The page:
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A Closer Look: Jenny Foster

Take a closer look at the Academic dean, Industry & Technology Division, Des Moines Area Community College


Jenny Foster knows firsthand the challenges and rewards in finishing a degree program while working full time. Throughout her career, she has gone back to school several times to improve her credentials, most recently earning a doctorate in education leadership from Iowa State University. In her new role as DMACC’s academic dean for industry and technology, Foster oversees more than two dozen high-demand career programs ranging from advanced manufacturing and tool and die to building trades and web development, automotive technology, welding and horticulture. 

Foster, who has been associate dean of the Industry & Technology Division since 2013, joined DMACC as director of program development in 2010. Before coming to DMACC, she was an education consultant for the state of Iowa and held several administrative roles at the former AIB College of Business. 

How did you get into industrial and technical education? 

I started teaching at North High School in business education as part of a career in tech. After we had our first son, I took some time off, and then I started teaching at night, and it was always in technology. My husband is an electrician, and he had gotten into the trade through an apprenticeship program right after high school. So that has been a great career for him, and it definitely has supported our family. So the trades have always been part of our life and our financial security. After I left the Department of Education, I had the opportunity to open the Perry [VanKirk] Career Academy. That was a great experience, and the community was so supportive. They raised millions of dollars to get that facility there to provide additional opportunities for those students.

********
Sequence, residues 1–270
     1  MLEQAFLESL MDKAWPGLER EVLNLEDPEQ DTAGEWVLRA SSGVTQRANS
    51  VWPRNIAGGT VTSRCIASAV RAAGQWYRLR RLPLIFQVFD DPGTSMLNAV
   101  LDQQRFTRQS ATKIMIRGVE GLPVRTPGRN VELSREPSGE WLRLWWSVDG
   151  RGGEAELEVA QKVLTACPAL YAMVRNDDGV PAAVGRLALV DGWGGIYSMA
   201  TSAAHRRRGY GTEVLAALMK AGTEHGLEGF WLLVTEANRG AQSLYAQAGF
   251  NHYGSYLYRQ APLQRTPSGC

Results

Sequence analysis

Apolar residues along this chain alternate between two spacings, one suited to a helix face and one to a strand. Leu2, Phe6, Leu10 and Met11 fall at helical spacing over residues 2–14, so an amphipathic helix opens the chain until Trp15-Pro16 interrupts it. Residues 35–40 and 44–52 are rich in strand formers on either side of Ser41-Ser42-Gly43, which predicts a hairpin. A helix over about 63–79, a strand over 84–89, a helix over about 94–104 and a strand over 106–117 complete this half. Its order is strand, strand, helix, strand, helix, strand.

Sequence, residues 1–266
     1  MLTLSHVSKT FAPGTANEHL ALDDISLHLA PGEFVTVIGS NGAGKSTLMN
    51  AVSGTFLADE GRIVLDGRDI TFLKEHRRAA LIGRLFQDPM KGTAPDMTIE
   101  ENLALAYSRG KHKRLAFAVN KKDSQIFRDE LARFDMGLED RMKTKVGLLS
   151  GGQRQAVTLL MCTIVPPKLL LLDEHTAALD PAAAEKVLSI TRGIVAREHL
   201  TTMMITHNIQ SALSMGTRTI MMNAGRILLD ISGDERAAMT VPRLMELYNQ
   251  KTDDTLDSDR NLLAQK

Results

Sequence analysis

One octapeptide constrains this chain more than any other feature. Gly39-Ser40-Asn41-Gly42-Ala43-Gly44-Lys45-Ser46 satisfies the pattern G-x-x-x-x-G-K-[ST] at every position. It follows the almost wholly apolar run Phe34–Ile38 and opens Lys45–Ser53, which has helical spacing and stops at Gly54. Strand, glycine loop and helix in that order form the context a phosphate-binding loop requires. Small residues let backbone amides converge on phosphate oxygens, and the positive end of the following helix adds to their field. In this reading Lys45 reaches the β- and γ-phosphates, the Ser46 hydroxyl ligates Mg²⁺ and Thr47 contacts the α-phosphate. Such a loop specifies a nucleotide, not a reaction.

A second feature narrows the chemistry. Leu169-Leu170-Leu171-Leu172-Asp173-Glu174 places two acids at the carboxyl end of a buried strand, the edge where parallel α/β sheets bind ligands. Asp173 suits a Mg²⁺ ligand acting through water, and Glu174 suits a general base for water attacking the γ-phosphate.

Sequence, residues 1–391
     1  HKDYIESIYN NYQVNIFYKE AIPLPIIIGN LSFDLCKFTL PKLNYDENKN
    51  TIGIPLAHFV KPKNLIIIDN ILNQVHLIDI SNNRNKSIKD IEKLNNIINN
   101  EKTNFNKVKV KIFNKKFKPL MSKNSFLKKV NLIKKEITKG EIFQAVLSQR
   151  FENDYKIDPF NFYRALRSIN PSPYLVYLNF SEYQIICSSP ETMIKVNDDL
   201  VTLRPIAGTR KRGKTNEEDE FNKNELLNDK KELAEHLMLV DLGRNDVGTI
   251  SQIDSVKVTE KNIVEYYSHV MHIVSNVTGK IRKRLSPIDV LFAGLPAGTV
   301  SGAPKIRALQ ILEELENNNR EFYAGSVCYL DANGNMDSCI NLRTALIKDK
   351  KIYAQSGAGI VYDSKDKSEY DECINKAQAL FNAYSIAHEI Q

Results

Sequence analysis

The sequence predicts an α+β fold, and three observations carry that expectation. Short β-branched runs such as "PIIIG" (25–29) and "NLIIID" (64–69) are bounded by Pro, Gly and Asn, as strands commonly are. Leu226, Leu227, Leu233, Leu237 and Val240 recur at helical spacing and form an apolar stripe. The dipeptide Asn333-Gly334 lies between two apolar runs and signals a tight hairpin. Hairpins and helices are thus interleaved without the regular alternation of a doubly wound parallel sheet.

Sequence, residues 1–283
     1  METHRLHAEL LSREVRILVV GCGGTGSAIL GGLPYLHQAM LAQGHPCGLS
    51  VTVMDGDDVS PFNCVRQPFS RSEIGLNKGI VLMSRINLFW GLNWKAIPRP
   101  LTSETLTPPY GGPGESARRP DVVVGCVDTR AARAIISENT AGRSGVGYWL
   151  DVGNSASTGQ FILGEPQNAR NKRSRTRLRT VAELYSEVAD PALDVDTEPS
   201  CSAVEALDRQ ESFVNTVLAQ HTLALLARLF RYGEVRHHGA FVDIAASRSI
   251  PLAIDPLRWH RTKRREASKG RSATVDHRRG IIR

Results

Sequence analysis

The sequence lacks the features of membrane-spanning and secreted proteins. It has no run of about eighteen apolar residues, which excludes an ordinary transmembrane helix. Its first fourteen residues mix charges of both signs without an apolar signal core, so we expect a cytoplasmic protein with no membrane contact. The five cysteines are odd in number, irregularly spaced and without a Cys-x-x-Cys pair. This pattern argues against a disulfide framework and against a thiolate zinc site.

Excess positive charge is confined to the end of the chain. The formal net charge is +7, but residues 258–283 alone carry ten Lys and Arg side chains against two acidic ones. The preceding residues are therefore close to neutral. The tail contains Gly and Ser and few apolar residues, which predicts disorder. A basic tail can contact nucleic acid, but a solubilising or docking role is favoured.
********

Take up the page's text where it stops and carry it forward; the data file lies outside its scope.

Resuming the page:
How large of a piece of DMACC are the industrial and tech programs?  

We have several thousand students in our program in our on-campus programs, not including high school students [in the career academies]. We have about 65 full-time faculty in the industry and tech area, and then if you add in the adjuncts and full-time and part-time staff, we have about 200 faculty and staff who support these programs. There are about 30 different programs that are in industry and tech, and these are what are called stackable credentials. So they can come in and take one class and try it out, and then they may decide to take another class, and those classes lead to certificates, and the certificates lead into diplomas, and our diplomas lead into our two-year degrees. So students aren’t wasting their time and money in classes that don’t stack into the higher-level credentials. 

Which programs would you say are in the highest demand right now by employers? 

Well, I’m trying to think of one that is not in high demand. Really, I meet with employers weekly, and we have employers coming in and talking with students all the time. I can’t think of one program in our area that does not have multiple job postings for students. And in fact, employers are now working with our students earlier in their first year or semester, because if they wait until the second year, they already have a job. Our students are receiving multiple job offers, sometimes double-digit job offers, and making very good money. 

What are some ways that employers are getting more creative in recruiting? 

We have a lot of employers that are great partners. For example, we do something called Career Discovery Days, where we talk about all the engineering tech programs, and students, parents and counselors will go and do projects and activities related to those programs. For instance, for the wastewater treatment program they’ll look at water samples under microscopes, and then in the afternoon they’ll actually go to the employers and do field trips to see what the work looks like.